Device(config-cp)# service-policy input Policy1
        Device(config-cp)#
        *Sep 14 08:07:39.898: %CP-5-FEATURE: Control-plane Policing feature enabled on Control plane aggregate path
        Device(config-cp)#
        Device(config-c p)# exit
        Device(config)# exit
        Device#
        *Sep 14 08:09:04.154: %SYS-5-CONFIG_I: Configured from console by console
        Device# show control-plane features
        Total 1 features configured
        
        Control plane aggregate path features :
        
        --------------------------------------------------------
        Control-plane Policing activated Sep 14 2012 08:0
        
        --------------------------------------------------------
        

        Additional References for Control Plane Policing

        Related Documents

        Related Topic

        Document Title

        QoS commands: complete command syntax, command modes, command history, defaults, usage guidelines, and examples

        Cisco IOS Quality of Service Solutions Command Reference

        QoS features overview

        “Quality of Service Overview” module

        MQC

        “Applying QoS Features Using the MQC” module

        Security features overview

        “Security Overview” module

        MIBs

        MIB

        MIBs Link

        • CISCO-CLASS-BASED-QOS-MIB

        To locate and download MIBs for selected platforms, Cisco IOS XE Software releases, and feature sets, use Cisco MIB Locator found at the following URL:

        http:/​/​www.cisco.com/​go/​mibs

        Technical Assistance

        Description

        Link

        The Cisco Support and Documentation website provides online resources to download documentation, software, and tools. Use these resources to install and configure the software and to troubleshoot and resolve technical issues with Cisco products and technologies. Access to most tools on the Cisco Support and Documentation website requires a Cisco.com user ID and password.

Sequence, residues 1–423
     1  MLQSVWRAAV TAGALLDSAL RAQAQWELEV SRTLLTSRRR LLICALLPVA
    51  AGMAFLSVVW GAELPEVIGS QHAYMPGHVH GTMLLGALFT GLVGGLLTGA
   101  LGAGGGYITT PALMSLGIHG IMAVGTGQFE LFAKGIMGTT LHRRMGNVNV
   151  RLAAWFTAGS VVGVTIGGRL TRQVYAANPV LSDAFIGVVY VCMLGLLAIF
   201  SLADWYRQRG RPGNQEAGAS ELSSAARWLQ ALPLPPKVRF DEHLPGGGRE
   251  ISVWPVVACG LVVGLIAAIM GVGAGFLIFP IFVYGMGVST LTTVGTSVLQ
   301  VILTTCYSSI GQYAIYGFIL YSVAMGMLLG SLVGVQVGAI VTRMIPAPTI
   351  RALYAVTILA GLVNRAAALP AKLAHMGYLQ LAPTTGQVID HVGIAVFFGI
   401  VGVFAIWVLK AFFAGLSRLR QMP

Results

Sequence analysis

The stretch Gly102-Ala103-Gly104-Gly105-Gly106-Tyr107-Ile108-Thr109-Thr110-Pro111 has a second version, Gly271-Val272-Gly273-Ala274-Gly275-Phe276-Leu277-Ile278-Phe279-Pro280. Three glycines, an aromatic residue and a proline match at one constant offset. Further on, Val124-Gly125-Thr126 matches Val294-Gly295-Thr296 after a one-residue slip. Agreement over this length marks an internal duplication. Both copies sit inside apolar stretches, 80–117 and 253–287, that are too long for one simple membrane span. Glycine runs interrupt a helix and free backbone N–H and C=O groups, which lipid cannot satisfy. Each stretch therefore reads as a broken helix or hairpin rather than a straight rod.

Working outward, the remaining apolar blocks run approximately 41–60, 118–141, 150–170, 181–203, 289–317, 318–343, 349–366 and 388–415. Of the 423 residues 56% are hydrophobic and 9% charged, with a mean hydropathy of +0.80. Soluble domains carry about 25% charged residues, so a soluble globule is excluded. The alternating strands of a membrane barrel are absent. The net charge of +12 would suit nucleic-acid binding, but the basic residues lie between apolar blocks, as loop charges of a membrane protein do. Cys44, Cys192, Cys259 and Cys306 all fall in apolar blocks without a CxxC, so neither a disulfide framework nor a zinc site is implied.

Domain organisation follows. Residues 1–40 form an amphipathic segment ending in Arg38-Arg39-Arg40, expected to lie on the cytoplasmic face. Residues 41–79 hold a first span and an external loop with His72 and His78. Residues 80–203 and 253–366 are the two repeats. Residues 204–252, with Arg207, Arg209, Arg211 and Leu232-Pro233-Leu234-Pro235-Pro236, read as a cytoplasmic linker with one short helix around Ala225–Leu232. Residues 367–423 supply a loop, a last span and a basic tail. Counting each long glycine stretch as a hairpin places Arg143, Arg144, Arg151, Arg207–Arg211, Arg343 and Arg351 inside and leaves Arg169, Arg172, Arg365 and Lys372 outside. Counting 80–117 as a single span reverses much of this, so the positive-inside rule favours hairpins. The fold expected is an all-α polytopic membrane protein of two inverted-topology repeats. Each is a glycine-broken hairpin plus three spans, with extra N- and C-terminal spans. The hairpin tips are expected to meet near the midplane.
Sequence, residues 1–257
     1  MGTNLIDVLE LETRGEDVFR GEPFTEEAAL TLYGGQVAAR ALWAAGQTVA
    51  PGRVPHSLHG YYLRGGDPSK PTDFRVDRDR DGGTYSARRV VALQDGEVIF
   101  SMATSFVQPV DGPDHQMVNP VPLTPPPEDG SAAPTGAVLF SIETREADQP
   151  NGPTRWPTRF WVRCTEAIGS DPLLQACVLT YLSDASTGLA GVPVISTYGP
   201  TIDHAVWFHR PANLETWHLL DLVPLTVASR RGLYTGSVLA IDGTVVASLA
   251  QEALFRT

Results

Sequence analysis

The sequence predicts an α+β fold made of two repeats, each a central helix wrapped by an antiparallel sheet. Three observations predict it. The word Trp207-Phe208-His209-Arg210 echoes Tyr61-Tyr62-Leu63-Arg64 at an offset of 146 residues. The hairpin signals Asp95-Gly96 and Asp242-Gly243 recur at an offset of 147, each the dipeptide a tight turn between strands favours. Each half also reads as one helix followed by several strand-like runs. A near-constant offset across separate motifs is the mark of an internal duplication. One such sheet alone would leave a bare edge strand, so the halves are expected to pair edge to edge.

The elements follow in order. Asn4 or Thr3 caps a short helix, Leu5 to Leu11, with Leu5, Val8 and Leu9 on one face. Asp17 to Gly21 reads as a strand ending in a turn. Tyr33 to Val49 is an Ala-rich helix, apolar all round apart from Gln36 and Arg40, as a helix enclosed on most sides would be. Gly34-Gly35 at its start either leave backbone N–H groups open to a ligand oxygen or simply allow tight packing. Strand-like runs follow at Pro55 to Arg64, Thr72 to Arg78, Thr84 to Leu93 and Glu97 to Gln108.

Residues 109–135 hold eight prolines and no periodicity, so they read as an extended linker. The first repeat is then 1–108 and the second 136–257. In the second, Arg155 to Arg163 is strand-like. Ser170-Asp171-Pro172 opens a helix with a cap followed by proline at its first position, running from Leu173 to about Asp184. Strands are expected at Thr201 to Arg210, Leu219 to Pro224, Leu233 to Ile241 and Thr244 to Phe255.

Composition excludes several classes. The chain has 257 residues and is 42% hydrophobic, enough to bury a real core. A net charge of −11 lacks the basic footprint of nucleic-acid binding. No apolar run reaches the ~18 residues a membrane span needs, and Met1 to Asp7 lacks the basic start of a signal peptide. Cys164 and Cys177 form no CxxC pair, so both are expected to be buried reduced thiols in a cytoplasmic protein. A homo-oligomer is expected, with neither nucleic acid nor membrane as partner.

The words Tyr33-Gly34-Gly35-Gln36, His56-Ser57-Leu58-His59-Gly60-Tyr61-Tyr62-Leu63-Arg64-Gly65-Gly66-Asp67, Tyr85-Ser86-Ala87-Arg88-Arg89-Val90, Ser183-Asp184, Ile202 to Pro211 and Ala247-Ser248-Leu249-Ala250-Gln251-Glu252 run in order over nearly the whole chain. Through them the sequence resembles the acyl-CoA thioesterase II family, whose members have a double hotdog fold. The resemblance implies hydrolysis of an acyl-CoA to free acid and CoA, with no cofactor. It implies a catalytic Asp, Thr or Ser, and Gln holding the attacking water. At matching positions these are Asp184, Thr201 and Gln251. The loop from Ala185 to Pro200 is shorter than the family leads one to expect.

http:/​/​www.cisco.com/​cisco/​web/​support/​index.html

        Feature Information for Control Plane Policing

        The following table provides release information about the feature or features described in this module. This table lists only the software release that introduced support for a given feature in a given software release train. Unless noted otherwise, subsequent releases of that software release train also support that feature.

        Use Cisco Feature Navigator to find information about platform support and Cisco software image support. To access Cisco Feature Navigator, go to www.cisco.com/​go/​cfn. An account on Cisco.com is not required.

        Table 1 Feature Information for Control Plane Policing

        Feature Name

        Releases

        Feature Information

        Control Plane Policing

        Cisco IOS XE Release 2.1

        Cisco IOS XE Release 2.2

        The Control Plane Policing feature allows users to configure a quality of service (QoS) filter that manages the traffic flow of control plane packets to protect the control plane of Cisco IOS routers and switches against reconnaissance and denial-of-service (DoS) attacks.

        For Cisco IOS XE Release 2.1, this feature was implemented on Cisco ASR 1000 Series Routers.

        For Cisco IOS XE Release 2.2, this feature was modified to include support for packet marking, output rate-limiting, and additional match criteria.

        The following commands were introduced or modified: match protocol pppoe, match protocol pppoe-discovery.